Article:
Psoriatic Arthritis Patients’ Symptoms Improved with Otezla Treatments

Psoriatic Arthritis Patients’ Symptoms Improved with Otezla Treatments

Results from a Phase III clinical trial showed that treatment with Otezla (apremilast) led to clinical improvements in patients with psoriatic arthritis for up to 13 months, including signs and symptoms, physical function, and psoriasis.

The study, titled “A Phase III, Randomized, Controlled Trial of Apremilast in Patients with Psoriatic Arthritis: Results of the PALACE 2 Trial,” was published in The Journal of Rheumatology.

Otezla (apremilast, Celgene Corp.) is an FDA-approved drug for the treatment of certain types of psoriasis and psoriatic arthritis that acts as a selective inhibitor of the enzyme phosphodiesterase 4 (PDE4) and inhibits spontaneous production of TNF-alpha from human rheumatoid synovial cells.

The new study, “PALACE 2: Efficacy and Safety Study of Apremilast to Treat Active Psoriatic Arthritis (PALACE2),” was conducted by Maurizio Cutolo and colleagues from the Research Laboratory and Division of Clinical Rheumatology, University of Genoa in Italy. It was a Phase III randomized controlled trial in which 484 patients with psoriatic arthritis were assigned randomly to receive Otezla 20 mg twice daily, Otezla 30 mg twice daily, or a placebo.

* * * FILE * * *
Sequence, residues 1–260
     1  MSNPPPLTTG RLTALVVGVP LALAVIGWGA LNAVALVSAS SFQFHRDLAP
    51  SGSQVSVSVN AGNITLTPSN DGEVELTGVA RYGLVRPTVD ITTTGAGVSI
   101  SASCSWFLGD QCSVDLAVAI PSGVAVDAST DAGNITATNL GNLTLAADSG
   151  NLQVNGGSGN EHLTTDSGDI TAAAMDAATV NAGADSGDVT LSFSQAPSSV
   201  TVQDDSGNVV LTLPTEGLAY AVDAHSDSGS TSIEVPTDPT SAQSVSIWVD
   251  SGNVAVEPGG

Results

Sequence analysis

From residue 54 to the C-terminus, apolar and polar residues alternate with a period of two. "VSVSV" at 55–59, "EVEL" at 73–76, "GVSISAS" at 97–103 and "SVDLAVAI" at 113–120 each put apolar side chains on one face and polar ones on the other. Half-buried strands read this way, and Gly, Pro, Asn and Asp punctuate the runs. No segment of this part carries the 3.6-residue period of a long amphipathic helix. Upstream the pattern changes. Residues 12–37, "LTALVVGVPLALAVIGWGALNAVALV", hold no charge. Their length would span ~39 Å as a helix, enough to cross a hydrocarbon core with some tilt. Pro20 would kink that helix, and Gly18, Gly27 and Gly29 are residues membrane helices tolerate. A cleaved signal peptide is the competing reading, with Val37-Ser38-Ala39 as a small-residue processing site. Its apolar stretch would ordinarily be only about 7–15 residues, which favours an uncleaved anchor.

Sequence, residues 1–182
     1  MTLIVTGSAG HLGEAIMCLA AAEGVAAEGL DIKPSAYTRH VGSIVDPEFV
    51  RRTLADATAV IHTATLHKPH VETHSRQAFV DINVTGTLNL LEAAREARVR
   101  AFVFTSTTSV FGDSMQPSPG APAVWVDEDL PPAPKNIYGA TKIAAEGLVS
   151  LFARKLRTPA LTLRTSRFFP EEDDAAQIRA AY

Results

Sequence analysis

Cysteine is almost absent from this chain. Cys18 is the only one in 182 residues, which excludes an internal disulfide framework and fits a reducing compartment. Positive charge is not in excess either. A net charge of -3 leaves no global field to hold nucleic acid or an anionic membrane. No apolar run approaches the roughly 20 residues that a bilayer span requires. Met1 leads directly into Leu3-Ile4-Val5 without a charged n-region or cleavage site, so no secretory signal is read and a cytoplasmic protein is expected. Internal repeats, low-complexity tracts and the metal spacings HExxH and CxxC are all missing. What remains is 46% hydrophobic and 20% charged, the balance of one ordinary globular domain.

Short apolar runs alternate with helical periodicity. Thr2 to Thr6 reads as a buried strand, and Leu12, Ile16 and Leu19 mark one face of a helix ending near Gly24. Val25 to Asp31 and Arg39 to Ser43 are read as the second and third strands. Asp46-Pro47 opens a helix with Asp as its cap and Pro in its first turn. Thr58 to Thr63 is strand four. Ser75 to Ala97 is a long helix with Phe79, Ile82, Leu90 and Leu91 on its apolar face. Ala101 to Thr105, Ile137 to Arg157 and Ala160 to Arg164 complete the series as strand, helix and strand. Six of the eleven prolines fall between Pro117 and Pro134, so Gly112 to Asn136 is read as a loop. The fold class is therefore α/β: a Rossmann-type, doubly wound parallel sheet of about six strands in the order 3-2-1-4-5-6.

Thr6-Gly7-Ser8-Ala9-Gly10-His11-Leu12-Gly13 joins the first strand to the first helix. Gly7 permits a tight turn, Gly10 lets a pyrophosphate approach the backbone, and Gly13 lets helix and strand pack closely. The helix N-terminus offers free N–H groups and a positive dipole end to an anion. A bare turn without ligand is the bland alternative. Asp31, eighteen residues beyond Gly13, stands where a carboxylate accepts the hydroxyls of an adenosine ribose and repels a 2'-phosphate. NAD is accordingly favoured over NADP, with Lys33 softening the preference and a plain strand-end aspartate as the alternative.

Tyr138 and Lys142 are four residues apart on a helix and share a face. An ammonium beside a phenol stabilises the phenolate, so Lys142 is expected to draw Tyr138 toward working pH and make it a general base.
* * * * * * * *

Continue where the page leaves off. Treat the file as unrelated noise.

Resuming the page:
At Week 16, patients with swollen and tender joint count improvement of less than 20% entered early escape, and patients in the placebo group were re-randomized to Otezla 20 mg or 30 mg, while Otezla patients continued on their initial Otezla dose.

At Week 24, those patients who were still on the placebo were re-randomized to the drug 20 mg or 30 mg twice a day. The trial primary endpoint was the proportion of patients achieving greater than 20% improvement in American College of Rheumatology response criteria (ACR20) at Week 16.

The researchers found that at week 16, more patients in the Otezla 20-mg or Otezla 30-mg groups achieved ACR20 compared to placebo. At week 52, patients treated with either doses of the medicine had clinically meaningful improvements in signs and symptoms of psoriatic arthritis, physical function and psoriasis. The most commonly reported treatment-related adverse events were headache, nausea, diarrhea and upper respiratory tract infection, as well as rare and temporary laboratory abnormalities. No new safety concerns were identified.

Psoriatic arthritis is a type of inflammatory arthritis that will develop in up to 30 percent of people with psoriasis, which causes pain, stiffness and swelling in and around the joints. Psoriatic arthritis can develop at any time, but most commonly appears between the ages of 30 and 50. Genes, the immune system and environmental factors are believed to play a role in the onset of the disease.

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